Hungarian is one of only two European languages, which has its own word for ‘wine’ (bor) that is not derived from Latin. There are currently 22 total wine appellations in Hungary, each with a different microclimate producing different tastes and styles, both indigenous varieties and French and Italian varieties. The regions are as follows:[1]

Wine Regions of Hungary
Chardonnay is the leading variety, followed by Savignon Blanc, Riesling, Szürkebarát (Pinot Gris) and Olaszrizling (Italian Riesling)
Furmint is the primary grape followed by Hárslevelű and Sárgamuskotály (Yellow Muscat).
'Bull's Blood of Eger' (Egri Bikavér), Pinot Noir, Syrah, and the traditional Eger whites including Debrői Hárslevelű, Verpeléti Olaszrizling and Egri Leányka
Rosé, Portugieser, Cabernet Sauvignon, Cabernet Franc, Kékfrankos, Merlot.
Kadarka Cabernet Sauvignon, Cabernet Franc and Merlot, Kékfrankos, Pinot Noir and Zweigelt.
Pinot Gris, Olaszrizling
Italian Riesling (Olaszrizling), Rizlingszilváni, Tramini, Chardonnay, Sauvignon, Pinot Gris  (Szürkebarát), Muscat Ottonel  (Ottonel Muskotály). Red grapes such as Kékfrankos, Zweigelt, Merlot and Cabernet are grown mainly in the Tihany peninsula.
Olaszrizling (Italian Riesling), Chardonnay and Sárgamuskotály (Yellow Muscat).
Pinot Gris (Szürkebarát) and Italian Riesling (Olaszrizling), Rizlingszilváni, Chardonnay, Ottonel Muskotály (Muscat Ottonel), Rajnai rizling, Zöld Veltelini (Green Veltelini) and Tramini.
Sauvignon Blanc, Pinot Gris and Olaszrizling (Italian Riesling)
Mór is known for one indigenous variety, called Ezerjó, which makes a dry white wine with high acidity. They also produce Tramini and Chardonnay
Tramini, Chardonnay, Irsai Olivér
Hárslevelű, Furmint, Juhfark, Welschriesling, Tramini and Chardonnay.
Kékfrankos accounts for 60% of all the plantings. Other varieties include Zweigelt, Merlot, Cabernet Franc, Portugieser and Sauvignon Blanc.
Olaszrizling (Italian Riesling) is the dominant variety here, other important grapes include Rizlingszilváni, Zala Gyöngye and Zöldveltelini.
Olaszrizling (Italian Riesling) is the most common type of vine planted in the region. Other varieties include Chardonnay, Rizlingszilváni, Leányka, Muscat Ottonel, Tramini and Sauvignon Blanc.
Italian Riesling (Olaszrizling), Chardonnay, Cserszegi fűszeres, Leányka, Pinot Gris (Szürkebarát), Kékfrankos, Cabernet Franc, Cabernet Sauvignon, Kadarka, Kékoportó, Merlot, Pinot Noir and Zweigelt.
Italian Riesling, Chardonnay and Cirfandli.
Chardonnay, Italian Riesling, Cserszegi Fűszeres, Sauvignon Blanc and Királyleányka. Red wine include Kadarka, Blaufränkisch, Blaue Portugieser, Cabernet Franc and Cabernet Sauvignon
Kékfrankos, Cabernet Sauvignion and Zweigelt. White varieties include Italian Riesling (Olaszrizling), Chardonnay, Rajnai Rizling, Hárslevelű, Kövidinka and Ezerjó.
Kadarka, Kékfrankos and Zweigelt, Italian Riesling (Olaszrizling) and Kövidinka, a Hungarian variety,
Kunsági Ezerjó, Kecskemeti Cserszegi Fűszeres, Soltvadkerti Irsai Oliver, Jánoshalmi Ottonel Muskotály, Kiskunhalasi Cserszegi Fűszeres

Learning Objectives of Unit 6 – Day 3: Hungary

At the beginning of class lectures a list of learning objectives is provided to the students. By the end of the class, the students should have a certain degree of understanding from their own reading and the lectures and be able to provide the answers to a list of questions. The Learning Objectives for Unit 6 - Day 3 along with the answers are as follows.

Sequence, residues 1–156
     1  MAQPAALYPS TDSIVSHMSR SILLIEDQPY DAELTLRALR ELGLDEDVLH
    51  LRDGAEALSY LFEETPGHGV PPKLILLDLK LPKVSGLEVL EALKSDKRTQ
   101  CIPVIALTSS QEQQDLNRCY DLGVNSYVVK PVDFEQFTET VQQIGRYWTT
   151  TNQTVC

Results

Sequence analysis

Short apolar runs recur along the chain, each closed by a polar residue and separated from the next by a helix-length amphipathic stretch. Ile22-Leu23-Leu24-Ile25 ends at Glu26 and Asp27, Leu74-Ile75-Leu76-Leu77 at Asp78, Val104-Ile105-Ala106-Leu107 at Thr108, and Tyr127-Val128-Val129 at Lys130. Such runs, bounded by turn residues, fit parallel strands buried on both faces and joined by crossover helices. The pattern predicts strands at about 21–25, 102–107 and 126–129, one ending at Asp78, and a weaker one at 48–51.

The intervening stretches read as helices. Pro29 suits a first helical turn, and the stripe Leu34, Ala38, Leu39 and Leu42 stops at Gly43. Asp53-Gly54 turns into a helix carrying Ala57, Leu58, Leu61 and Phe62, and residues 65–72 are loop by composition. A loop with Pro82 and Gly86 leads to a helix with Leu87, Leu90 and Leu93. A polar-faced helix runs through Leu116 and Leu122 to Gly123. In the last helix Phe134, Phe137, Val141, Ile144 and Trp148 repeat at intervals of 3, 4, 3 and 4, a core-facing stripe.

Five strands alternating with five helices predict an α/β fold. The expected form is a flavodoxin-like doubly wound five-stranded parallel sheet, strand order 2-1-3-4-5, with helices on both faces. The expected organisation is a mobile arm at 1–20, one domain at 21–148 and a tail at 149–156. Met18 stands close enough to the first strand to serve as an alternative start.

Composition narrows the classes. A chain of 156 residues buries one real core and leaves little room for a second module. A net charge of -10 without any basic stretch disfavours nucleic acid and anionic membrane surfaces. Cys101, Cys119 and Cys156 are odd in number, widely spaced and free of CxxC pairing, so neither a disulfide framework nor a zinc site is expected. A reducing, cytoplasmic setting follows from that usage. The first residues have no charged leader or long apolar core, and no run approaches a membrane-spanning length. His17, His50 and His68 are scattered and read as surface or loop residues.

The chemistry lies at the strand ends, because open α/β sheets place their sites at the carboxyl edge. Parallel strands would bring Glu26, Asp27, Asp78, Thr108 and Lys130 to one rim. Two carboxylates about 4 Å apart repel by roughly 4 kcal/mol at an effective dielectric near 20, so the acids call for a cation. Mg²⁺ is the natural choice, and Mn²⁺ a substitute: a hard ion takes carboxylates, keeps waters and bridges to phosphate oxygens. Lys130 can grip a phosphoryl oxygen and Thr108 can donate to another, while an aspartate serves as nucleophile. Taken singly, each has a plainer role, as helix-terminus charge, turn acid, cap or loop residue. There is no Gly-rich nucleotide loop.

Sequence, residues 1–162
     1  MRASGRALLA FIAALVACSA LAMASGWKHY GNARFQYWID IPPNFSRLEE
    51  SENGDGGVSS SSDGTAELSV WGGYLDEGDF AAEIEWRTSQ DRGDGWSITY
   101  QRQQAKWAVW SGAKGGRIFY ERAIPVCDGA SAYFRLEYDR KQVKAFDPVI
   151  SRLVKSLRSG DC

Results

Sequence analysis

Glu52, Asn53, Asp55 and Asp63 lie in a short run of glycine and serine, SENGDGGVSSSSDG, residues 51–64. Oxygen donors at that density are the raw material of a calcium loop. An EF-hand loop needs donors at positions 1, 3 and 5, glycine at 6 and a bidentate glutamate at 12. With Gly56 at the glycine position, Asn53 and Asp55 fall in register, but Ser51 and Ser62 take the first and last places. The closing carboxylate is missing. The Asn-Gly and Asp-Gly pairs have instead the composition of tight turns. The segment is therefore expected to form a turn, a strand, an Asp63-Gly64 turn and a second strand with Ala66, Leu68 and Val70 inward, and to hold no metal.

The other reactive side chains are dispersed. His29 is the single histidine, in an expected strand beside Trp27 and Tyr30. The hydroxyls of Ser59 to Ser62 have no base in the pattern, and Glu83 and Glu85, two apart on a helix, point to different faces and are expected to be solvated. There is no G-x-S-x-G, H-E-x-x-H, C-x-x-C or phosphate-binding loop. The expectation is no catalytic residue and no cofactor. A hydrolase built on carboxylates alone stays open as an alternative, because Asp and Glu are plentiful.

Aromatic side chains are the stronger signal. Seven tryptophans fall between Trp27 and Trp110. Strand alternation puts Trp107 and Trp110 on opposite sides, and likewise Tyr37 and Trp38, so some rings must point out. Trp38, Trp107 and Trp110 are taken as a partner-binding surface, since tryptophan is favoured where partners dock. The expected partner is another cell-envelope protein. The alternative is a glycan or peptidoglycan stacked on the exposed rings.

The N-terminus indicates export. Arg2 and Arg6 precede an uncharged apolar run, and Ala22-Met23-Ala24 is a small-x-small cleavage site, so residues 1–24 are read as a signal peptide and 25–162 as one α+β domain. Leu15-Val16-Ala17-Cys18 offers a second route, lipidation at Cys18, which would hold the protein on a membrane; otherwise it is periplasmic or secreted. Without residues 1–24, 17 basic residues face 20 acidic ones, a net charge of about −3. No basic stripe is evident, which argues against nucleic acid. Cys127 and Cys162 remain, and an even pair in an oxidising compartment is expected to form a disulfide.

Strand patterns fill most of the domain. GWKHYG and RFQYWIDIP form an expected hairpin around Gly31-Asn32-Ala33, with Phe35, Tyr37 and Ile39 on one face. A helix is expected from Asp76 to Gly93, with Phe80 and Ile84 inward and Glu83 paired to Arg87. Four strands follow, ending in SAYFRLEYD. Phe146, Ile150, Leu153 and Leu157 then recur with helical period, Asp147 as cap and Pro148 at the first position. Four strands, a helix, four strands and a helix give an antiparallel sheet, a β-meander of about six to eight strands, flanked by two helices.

By the end of class, students should be able to answer the following questions:

(1) Name 3 grapes of Tokaji
Answer: Furmint, Hárslevelű, Sarga Muscotály
(2) Define the term Aszú
Answer: Shriveled and botrytis-infected grapes individually picked, used to make Tokaji.
(3) Explain the term puttonyos
Answer: The name given to denote the level of sugar and hence the sweetness in Tokaji (or tokay). It is traditionally measured by the number of hods of sweet botrytised grapes (Aszú) added to a barrel of wine, but is now measured in grams of residual sugar. The Puttonyos was actually the 25 kg basket of Aszu grapes, and the more added to the barrel of wine, the sweeter the eventual wine.
(4) Define Aszú Eszencia and True Eszencia
Answer: Aszú Eszencia is the sweetest wine in the Aszú category, above 6 puttonyos. It is very rare and expensive. Unlike most other wines, alcohol content of aszú typically runs higher than 14%. A minimum of 180 g/l of sugar is required. True Eszencia is also a very rare and expensive wine and seldom available outside the area of production. It is made completely from free-run juice of aszú berries. The must is so sweet that it can take years to ferment. Alcohol is usually less than 5% abv. The legal minimum sugar level is 450 g/l. The wine is able to retain its freshness for over a century.
(5) Describe the attributes of any Hungarian wines tasted today
Answer: See below

The Wines

On the first day of Unit 6, after tasting 7 Austrian wines, we tasted the following wine from Hungary:

1. 2006 Királyudvar, Tokaji Aszu, 6 Puttonyos

This is a clear wine, brass/copper in color at the base to a watery rim with high viscosity. On the nose it has pronounced aromas of marmalade, canned peaches, apricot preserves, honey, decaying yellow flowers, with a hint of musty wet wool. On the palate it the nose is confirmed, it is very sweet, it has HIGH mouthwatering acidity, it is full bodied, it has low alcohol, it is very viscous but ends with a very pleasant clean and long finish. Definitely the high point of the line-up! This wine sells for about $70 per bottle.